As you can see, bowling uniquely exercises multiple facets of physical balance, movement, spatial processing, and neuromuscular control. These enhance both gross motor skills and fine motor skills critical to everyday coordination.

Bowling Can Aid Weight Loss

The rise in obesity worldwide has more people looking for fun activities that can also help shed pounds. Bowling delivers a legitimate fitness benefit by burning a solid amount of calories and supporting weight loss goals.

A 150-pound person will burn approximately 200 calories per 30 minutes of casual bowling. Those nearer 200 pounds can burn over 300 calories in the same time frame. This calorie burn adds up quickly over the course of a 2 to 3-game bowling outing.

The combination of moderate physical activity plus the use of muscles throughout your body contributes significantly to energy expenditure while bowling. The more physically engaged you are in each frame, the more calories you will burn.

Bowling has an advantage over lower-intensity activities like golf or softball when it comes to fat-burning potential. The constant motion of bowling engages more large muscle groups that require considerable energy to fuel. Weight loss occurs when you burn more calories than you consume.

The social nature of bowling can motivate people to be active rather than remain sedentary. People bowl in leagues or groups which gets them moving versus sitting at home. Burning a few hundred extra calories several times per week makes a big difference in reaching a calorie deficit.

In addition to calorie burning during play, bowling can build lean muscle mass through the resistance training involved. Having more lean muscle boosts your metabolism so you burn more calories naturally day to day.

Bowling is clearly not as intense for weight loss as hardcore strength training, running, or competitive sports. However, as a moderate-intensity activity, bowling has measurable calorie-burning effects that contribute to overall fitness and shedding excess pounds.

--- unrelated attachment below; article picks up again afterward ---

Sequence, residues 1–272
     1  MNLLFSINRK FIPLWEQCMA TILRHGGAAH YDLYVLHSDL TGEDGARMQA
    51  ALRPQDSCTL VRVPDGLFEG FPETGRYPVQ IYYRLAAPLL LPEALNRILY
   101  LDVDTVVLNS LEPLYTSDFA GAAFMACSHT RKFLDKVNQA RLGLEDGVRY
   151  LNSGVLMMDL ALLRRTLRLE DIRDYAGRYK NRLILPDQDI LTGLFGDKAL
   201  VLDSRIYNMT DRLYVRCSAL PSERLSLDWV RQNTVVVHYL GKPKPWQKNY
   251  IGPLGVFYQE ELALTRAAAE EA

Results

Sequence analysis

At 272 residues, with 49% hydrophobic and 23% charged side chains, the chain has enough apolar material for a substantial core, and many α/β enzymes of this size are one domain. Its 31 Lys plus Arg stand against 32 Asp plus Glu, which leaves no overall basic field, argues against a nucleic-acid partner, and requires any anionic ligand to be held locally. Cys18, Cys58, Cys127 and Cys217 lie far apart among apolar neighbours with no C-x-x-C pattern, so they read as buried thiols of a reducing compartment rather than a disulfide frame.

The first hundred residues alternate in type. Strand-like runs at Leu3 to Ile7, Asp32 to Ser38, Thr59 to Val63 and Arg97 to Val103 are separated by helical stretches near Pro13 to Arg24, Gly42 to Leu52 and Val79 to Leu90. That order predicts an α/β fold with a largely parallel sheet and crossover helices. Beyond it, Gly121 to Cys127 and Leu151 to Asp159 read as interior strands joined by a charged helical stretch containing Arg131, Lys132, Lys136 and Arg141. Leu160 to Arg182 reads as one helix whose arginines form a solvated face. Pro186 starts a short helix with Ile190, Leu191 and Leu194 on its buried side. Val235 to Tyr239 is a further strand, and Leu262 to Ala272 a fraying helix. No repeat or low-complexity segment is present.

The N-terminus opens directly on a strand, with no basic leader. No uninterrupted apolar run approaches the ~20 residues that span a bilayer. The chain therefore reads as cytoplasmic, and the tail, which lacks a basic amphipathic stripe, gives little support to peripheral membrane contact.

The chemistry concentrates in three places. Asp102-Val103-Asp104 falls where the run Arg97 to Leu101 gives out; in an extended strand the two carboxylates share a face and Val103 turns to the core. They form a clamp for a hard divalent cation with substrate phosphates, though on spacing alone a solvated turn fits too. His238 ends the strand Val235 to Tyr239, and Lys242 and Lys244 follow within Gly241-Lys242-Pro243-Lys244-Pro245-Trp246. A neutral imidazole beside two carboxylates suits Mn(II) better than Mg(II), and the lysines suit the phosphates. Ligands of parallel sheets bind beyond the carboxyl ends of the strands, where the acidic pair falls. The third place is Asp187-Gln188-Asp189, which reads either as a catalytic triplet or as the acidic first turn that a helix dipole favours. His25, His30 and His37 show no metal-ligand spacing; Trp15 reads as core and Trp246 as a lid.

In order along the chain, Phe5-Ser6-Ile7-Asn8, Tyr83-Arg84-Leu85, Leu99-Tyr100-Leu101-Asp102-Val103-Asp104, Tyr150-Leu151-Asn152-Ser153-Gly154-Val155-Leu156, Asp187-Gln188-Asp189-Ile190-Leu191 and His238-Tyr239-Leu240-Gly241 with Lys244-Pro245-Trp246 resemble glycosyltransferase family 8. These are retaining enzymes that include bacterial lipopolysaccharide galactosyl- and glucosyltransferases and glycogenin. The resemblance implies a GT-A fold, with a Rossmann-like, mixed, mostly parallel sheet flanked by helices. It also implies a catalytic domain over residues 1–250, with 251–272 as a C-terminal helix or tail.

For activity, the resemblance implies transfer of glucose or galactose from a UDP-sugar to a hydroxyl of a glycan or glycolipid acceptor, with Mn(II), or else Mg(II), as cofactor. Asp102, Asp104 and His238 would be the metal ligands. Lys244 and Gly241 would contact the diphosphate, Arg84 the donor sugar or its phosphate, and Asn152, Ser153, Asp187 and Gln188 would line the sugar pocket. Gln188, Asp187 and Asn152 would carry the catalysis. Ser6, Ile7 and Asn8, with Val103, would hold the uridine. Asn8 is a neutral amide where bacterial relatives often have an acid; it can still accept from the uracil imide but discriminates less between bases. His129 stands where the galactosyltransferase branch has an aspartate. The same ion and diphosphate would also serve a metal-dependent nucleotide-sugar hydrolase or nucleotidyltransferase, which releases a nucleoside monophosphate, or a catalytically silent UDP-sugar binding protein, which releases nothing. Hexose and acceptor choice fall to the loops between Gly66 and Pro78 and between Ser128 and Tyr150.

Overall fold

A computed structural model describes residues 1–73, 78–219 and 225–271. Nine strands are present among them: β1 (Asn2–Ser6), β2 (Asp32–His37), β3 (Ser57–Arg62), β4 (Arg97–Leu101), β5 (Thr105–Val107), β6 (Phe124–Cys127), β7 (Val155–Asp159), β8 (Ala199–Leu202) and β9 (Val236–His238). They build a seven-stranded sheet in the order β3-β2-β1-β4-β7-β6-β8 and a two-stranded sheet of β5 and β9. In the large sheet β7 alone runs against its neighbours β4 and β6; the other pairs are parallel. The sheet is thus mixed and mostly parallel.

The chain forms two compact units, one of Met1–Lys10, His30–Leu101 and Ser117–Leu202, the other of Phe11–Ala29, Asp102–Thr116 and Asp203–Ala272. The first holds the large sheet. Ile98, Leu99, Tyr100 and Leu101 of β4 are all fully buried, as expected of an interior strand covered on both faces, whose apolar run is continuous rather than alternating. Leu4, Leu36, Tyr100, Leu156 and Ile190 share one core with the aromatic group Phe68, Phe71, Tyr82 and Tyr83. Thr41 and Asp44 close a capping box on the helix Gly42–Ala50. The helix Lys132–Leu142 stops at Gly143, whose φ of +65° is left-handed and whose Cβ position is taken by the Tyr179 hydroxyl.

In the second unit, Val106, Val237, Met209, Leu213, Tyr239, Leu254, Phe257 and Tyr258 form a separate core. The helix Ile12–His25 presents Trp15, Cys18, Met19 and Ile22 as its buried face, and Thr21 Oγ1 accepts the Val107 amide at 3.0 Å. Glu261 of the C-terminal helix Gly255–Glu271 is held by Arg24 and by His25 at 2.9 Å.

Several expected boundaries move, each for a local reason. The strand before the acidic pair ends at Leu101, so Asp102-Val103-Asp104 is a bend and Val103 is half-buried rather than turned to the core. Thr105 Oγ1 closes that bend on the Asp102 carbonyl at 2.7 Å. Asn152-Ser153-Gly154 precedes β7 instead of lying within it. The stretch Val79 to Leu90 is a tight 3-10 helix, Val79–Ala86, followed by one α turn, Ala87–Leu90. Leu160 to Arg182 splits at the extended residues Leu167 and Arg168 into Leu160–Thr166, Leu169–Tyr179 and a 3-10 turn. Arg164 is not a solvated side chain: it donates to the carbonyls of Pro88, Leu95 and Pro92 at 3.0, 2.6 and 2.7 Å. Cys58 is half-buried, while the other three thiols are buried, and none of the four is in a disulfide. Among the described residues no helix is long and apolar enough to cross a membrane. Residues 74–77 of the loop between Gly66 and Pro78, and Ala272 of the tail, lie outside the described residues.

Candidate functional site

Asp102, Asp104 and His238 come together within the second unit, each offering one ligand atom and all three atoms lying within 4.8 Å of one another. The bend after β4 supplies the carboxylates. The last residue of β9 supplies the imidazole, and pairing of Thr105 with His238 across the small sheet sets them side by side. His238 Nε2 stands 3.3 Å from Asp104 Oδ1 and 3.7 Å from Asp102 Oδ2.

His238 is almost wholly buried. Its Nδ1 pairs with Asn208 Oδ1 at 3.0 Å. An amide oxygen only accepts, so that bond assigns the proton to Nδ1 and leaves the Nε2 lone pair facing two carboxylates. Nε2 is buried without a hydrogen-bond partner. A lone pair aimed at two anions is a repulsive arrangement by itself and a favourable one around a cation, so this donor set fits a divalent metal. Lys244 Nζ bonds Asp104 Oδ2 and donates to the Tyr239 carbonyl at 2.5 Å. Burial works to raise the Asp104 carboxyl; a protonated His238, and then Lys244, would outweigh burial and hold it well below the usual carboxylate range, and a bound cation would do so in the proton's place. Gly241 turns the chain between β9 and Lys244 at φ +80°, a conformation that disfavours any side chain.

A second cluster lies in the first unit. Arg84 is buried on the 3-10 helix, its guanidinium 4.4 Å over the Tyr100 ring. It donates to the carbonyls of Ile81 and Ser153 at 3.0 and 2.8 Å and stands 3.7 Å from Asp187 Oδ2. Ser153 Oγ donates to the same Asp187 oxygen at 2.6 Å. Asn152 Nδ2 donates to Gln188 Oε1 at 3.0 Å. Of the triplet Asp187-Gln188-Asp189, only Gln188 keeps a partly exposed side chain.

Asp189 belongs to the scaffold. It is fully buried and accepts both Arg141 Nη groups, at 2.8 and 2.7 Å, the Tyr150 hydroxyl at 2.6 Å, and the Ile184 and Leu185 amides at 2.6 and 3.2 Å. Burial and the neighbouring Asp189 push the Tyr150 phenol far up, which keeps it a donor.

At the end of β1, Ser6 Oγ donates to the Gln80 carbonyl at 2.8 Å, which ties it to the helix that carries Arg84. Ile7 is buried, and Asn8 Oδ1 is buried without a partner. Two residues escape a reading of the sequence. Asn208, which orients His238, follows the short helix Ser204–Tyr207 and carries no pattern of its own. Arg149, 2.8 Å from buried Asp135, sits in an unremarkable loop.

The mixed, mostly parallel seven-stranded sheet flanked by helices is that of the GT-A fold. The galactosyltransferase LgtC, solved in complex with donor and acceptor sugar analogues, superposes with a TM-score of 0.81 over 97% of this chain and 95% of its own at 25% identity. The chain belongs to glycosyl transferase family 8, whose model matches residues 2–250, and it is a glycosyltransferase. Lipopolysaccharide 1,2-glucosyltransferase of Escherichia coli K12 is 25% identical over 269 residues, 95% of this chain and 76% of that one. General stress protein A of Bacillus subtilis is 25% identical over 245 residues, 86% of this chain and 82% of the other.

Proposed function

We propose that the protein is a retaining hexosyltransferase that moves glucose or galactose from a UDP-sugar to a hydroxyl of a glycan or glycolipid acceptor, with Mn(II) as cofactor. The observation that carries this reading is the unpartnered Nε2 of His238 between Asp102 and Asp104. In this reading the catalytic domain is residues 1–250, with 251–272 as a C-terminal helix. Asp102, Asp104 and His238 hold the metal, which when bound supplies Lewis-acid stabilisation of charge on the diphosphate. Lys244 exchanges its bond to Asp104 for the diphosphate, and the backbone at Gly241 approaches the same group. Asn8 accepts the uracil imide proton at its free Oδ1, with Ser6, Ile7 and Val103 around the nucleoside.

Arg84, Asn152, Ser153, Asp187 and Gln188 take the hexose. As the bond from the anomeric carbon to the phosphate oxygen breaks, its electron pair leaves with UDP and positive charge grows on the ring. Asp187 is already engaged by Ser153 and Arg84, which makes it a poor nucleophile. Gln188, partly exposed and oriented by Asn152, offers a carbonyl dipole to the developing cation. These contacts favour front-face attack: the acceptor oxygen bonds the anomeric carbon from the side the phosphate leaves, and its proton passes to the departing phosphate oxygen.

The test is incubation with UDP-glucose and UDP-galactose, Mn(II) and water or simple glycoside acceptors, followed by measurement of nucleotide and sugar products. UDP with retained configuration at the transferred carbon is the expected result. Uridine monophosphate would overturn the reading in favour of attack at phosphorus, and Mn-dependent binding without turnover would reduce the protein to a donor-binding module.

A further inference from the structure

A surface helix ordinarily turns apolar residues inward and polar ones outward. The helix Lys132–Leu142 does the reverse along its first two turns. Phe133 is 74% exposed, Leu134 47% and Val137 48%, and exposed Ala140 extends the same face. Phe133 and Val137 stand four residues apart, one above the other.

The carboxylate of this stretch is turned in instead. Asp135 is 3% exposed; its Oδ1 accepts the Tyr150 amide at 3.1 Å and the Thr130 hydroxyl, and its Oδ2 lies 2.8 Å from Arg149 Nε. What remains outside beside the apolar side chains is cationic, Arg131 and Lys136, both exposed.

For a recreational team activity often associated with food and drinks, bowling offers some clear and perhaps unexpected physical benefits. Regular participation provides measurable gains in muscle strength, heart health, coordination, calorie burn, and more.

Bowling works the body from head to toe through a full range of motions involving dexterity, balance, core engagement, and aerobic exertion. It exercises muscle groups and motor skills that are often underserved. Plus, bowling is fun, social, and suitable for all ages and most fitness levels.

So whether you are looking for a new way to get in shape or reinforce existing wellness routines, look no further than your local bowling lanes. The benefits outlined in this article demonstrate that bowling can deliver tangible physical results over time.

Bowling is an accessible activity hiding in plain sight with fitness advantages you can feel. It is time to rethink bowling as a key component to your exercise regimen rather than just a recreational activity. Lace up those bowling shoes and roll your way to greater strength, heart health and coordination today!

Frequently Asked Questions

What physical benefits can be obtained from bowling?

Bowling can build strength, improve heart health, enhance coordination and motor skills, burn calories, and aid weight loss through engaging multiple muscle groups and elevating heart rate.

How does bowling help you physically?

Bowling helps physically by working the arms, shoulders, chest, back, core, and legs and improving cardiovascular conditioning. It also enhances proprioception, balance, hand-eye coordination, and mind-body connection.

What are the benefits we can gain in learning bowling?

Learning bowling can improve overall physical fitness, strengthen muscles, develop motor skills like coordination and balance, provide an aerobic workout, and burn calories. It’s also a social activity that motivates being active.

Why bowling has both physical health benefits and social benefits?

Bowling combines physical activity with social interaction. It engages muscle groups and the cardiovascular system while allowing bonding time with friends and family. This blend provides combined mental, emotional, and physical health benefits.

Can you gain muscle from bowling?

Yes, bowling can help gain muscle, especially in the arms, shoulders, back, core, and legs by incorporating a weight (the bowling ball) into motion. Over time, bowling strengthens these muscle groups.

How much exercise do you get from bowling?

Bowling for 30-60 minutes typically burns 200-300 calories. It elevates heart rate like light jogging while also engaging muscles through swinging motions. This makes it moderate exercise. More vigorous play increases the benefits.

How the sport bowling improve your mind and body?

Bowling enhances hand-eye coordination, balance, and motor skills which benefit the mind-body connection. It also stimulates the brain while providing an aerobic workout, improving physical and mental fitness.

Can you be naturally good at bowling?

Some people may have natural abilities like hand-eye coordination that provide an advantage in bowling. However, anyone can become a skilled bowler through proper technique training and frequent practice to develop muscle memory.

Is bowling a physical sport?

Yes, bowling is considered a physical sport. It requires physical skills like strength, balance, and coordination. It provides an upper and lower body workout while raising heart rate and burning calories, meeting key criteria for a sport.